NEWS & VIEWS values of food directly, in a self-reinforcing manner.4,5 Consistently, direct intracranial administration of orexin or MCH has been shown to alter body weight in rodents.5 Using an optogenetic approach, Jennings et al. developed a ‘switch’ to activate or inacti­vate projections from the extended amygdala, specifically the bed nucleus of the stria terminalis (BNST) area, into the lateral hypothalamus of mice. In response to in vivo photostimulation of these inhibitory BNST neurons—and concomitant inacti­va­t ion of the downstream lateral hypo­thalamus neurons—well-fed mice began to eat voraciously, with a strong prefer­ence for high-fat food. In fur­ther experi­ments, Jennings and colleagues found that inacti­vation of BNST neurons or direct activa­tion of lateral hypothalamus neurons pre­vented hungry mice from eating. These find­ings show that inhibition of a particular set of neurons in the lateral hypothalamus, rather than activation, promotes feeding behaviour. The lateral hypothalamus has a critical function by ensuring that, during low meta­bolic states, arousal is tuned to forage in search of an energy source.5 However, it can also represent a critical mediator of the suppression of metabolic satiation signals, ensuring, for example, overeating in times of plenty to prepare for times of need.4 Unfor­ tunately, tuning arousal in modern society— bypassing the metabolic state just as you would pass the next burger joint—represents an unfavourable behavioural adaptation. Environmental cues and habits can trigger feeding; consequently, internal needs and external availability no longer match. Intri­ guing data support the idea that the lat­eral hypothalamus integrates acquired habits, environmental cues and motivational value to overrule the homeostatic system. For exam­ple, in sated rats, feeding was triggered by the presentation of a light or tone stimulus that had previously been associated with food intake during starvation; this be­haviour was dependent on an intact amygdala–­prefrontal–lateral hypothalamus network.8 How­ever, much remains elusive. Is the lateral hypothalamus one of the main integrative nuclei with a complicated in­ternal circuitry or merely a relay station? In that respect, Jennings and colleagues add another component to the lateral hypo­t halamic food equation. But would the reported projection affect only food intake? Projections of the BNST to the lateral hypothalamus have been identified before and were reported to facilitate anxiolytic effects on behaviour, but not appetite.9 6  |  JANUARY 2014  |  VOLUME 10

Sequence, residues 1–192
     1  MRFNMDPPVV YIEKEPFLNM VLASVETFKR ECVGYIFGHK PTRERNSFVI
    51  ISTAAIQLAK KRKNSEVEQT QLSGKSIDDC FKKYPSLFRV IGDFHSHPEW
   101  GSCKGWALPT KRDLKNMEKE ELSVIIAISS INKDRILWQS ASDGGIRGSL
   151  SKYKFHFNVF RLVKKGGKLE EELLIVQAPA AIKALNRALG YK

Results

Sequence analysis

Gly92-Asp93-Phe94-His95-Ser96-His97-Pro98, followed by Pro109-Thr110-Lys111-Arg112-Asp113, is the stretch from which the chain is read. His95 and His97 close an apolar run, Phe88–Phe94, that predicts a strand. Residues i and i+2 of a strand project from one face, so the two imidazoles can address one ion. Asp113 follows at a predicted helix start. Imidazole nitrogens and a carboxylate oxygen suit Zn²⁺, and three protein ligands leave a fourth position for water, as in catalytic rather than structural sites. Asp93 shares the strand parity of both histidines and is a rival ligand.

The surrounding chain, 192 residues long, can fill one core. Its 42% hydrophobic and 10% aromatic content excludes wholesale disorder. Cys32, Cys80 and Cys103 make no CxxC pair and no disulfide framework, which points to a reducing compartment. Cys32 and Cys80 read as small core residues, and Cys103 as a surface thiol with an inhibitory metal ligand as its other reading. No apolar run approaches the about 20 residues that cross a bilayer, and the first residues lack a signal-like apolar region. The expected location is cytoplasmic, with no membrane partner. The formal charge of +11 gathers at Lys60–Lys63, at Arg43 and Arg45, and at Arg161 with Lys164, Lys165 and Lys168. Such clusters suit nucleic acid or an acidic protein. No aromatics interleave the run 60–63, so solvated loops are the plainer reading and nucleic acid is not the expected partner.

Early electrical stimulations in the lateral hypo­thalamus lacked behavioural specificity. Whereas the animals would eat in the presence of food, they would turn to, for example, drinking, if food was replaced by a drinking opportunity.6 As these results may stem in part or even completely from the inevitable and unintended stimulation of the medial forebrain bundle, they show that great care has to be taken in attributing certain behavioural aspects elicited by a stimulus.6 Hence, driving the inhibitory BNST–lateral hypothalamus projection might actually alter motivation and arousal to such an extent that the sole presentation of food triggers eating. The previously reported optogenetic stimulation by Aponte et al., by comparison, has to be viewed differently.10 Stimulation of agouti-related peptide neurons led to a craving to eat, which triggered a goal-directed search for food; that is, the animals could obtain food only by an active nose poke.10 However, during BNST– lateral hypothalamus stimulation in the study by Jennings et al., no ad­ditional action was needed to obtain food.1 Nevertheless, in summary, Jennings and col­leagues have undertaken the first steps in delineating the circuit connectivity of the lat­eral hypothalamus. Subsequent identification of downstream connections following BNST–lateral hypothalamus input may aid in answering the question of how environ­mental cues, habits and hedonic values might overrule the homeostatic control of food intake.

Max Planck Institute for Neurological Research, Gleueler Straße 50, D‑50931 Cologne, Germany (M. E. Hess, J. C. Brüning). Correspondence to: J. C. Brüning [email protected] Competing interests The authors declare no competing interests. 1.